Thursday, 2 May 2013

Emma Hack


  • Diverse Multimedia Artist
  • Skin Illustrator, Sculptor nd Photographer
  • Adelaide-based artist
  • Ehibiting since 1999

  • Her photographic prints camouflage the human form within her designs
  • “… a human form, a person, and/or an animal, is actually present in the work”
  • Surely it's superimposed? Digitally added? Does the model really have to stand there the whole time?

 “Blossom Butterfly” 2012



  • Emma began photographing these herself, evolving to a “multimedia art-form”
  • She does not use stencils or projection —it is painted completely freehand.
  • Firstly, she paints the wall. Lines up the camera, paints a line initially on the shoulder and then lines the body up with the wall painting, then continues looking through the lens
  • The process can take between 8-12 hours
  • Her work is not ‘Photoshopped’
  • Hours of painting by hand and adjusting lighting to minimise shadows
  • Seamless flow from body to design

Utopia Collection
“Hydrangea Cradled Owl” 2013




Gotye - “Somebody That I Used To Know”

  • Fame rose in 2012 when she collaborated with singers Wally de Backer and Kimbra
  • Backdrop is a painting based on an 80’s piece of work by Gotye’s father Frank de Backer
  • Emma saw her profile skyrocket worldwide with over 350 million hits on YouTube.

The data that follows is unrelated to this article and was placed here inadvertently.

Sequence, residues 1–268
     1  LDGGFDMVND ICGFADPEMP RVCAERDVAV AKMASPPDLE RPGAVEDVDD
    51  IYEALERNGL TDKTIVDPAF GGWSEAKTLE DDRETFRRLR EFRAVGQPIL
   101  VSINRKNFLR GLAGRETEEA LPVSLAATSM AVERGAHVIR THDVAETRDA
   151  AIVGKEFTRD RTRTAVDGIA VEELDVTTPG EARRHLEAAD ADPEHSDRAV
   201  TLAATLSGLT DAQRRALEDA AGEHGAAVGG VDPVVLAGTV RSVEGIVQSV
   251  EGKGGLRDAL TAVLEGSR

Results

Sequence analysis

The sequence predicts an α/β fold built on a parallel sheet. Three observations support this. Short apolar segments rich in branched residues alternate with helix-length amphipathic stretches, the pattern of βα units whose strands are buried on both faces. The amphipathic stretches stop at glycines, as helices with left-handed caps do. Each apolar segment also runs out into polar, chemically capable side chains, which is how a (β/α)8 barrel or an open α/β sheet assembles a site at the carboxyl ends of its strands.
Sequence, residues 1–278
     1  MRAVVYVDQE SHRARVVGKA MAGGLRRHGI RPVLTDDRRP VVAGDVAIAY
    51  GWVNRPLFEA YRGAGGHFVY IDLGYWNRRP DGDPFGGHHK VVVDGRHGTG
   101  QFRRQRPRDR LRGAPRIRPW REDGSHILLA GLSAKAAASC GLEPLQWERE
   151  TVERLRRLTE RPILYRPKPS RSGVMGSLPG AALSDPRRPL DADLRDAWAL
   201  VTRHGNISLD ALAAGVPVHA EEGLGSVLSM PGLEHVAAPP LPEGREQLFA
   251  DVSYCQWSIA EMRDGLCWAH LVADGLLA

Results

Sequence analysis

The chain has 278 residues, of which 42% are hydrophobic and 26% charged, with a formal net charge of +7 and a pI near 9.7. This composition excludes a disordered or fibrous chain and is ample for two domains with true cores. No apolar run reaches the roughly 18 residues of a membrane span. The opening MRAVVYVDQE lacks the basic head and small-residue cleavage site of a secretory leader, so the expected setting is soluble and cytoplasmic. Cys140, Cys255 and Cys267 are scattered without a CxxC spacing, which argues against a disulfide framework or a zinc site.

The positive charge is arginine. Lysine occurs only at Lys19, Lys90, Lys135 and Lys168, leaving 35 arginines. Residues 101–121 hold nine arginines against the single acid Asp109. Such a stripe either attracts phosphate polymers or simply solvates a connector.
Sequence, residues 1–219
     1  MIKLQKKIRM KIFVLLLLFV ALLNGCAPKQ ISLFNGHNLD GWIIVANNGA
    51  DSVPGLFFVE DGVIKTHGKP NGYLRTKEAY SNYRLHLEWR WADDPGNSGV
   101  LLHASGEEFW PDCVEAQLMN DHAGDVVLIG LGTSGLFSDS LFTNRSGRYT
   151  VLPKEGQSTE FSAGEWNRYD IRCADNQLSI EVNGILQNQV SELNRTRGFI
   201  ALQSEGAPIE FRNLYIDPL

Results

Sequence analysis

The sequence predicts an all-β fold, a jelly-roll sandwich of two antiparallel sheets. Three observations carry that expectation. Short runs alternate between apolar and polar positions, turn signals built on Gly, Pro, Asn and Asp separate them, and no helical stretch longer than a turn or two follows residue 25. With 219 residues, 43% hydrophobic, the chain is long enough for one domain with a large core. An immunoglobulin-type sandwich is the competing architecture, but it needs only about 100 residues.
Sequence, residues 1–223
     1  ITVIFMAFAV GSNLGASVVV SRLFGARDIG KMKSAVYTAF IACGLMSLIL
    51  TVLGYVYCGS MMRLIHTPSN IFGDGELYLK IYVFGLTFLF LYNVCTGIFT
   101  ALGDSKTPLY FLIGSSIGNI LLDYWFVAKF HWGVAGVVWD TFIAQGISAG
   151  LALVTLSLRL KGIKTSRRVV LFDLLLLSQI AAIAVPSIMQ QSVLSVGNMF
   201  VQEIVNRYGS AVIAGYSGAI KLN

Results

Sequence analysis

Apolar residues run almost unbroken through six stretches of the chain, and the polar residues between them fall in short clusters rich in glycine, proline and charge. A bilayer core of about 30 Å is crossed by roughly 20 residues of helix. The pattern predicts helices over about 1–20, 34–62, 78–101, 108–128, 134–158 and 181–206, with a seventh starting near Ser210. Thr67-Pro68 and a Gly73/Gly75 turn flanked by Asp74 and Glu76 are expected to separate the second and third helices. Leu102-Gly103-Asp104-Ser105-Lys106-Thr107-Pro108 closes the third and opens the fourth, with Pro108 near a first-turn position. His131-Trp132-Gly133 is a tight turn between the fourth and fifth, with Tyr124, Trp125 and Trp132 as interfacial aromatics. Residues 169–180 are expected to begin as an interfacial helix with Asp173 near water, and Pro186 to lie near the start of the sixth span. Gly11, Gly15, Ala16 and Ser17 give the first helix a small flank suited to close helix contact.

“Body crash” For SA Motor Accident Commission

  • The work “Body Crash” was created for South Australia's Motor Accident Commission, as part of a campaign to stop low-level speeding and help reduce the road toll
  • Initially this image looks like a car crash, but when you look closely it’s actually formed from human bodies.
  • The process included her and a small team painting the bodies of 17 men and women to be assembled into the wrecked car formation.
  • The final result took 18 hours for the five layers of paint, the posing and photography shoot.
I appreciate this photograph, not only because of it’s message but because of it’s creativity. You can see the attention to detail and appreciate the form of the human figure, the colours and the light and shadows used. I like it because it is hard to comprehend the amount of hours and patience it would’ve taken to create and complete.  
Body Crash - Behind the Scenes

Commissioned by Natura
Amazon Forest - “I am Forest”
River Scene - “I am River”

I am interested in nature and landscape photography, so these images appeal to me because they are a unique representation of this kind of photography subject.

I like the artwork because it reflects the colours and the vibrancy of the forest and the river. You can feel and see the connections between reality and natural forms, but she has interpreted this in a way that she can express on the human form and continue onto the canvas. There is a clear link between the colours, textures and lighting of nature used in these two photographs.


Aside from commercial designs, she is well known for her Wallpaper collections. 
‘Signature Prints’ (publishers of the Florence Broadhurst range), gave Emma full access to the Broadhurst archives of over 530 designs, which began her Wallpaper Collections from 2005 spanning to 2010.


                                             “Living with Broadhurst”


Wallpaper 2008- 2010
These collections linked models holding native birds creating ‘floating’ effect within the designs, as well as the female ‘wallflowers’

She then experimented with adding creatures to include her love for Australian animals and concern for the environment.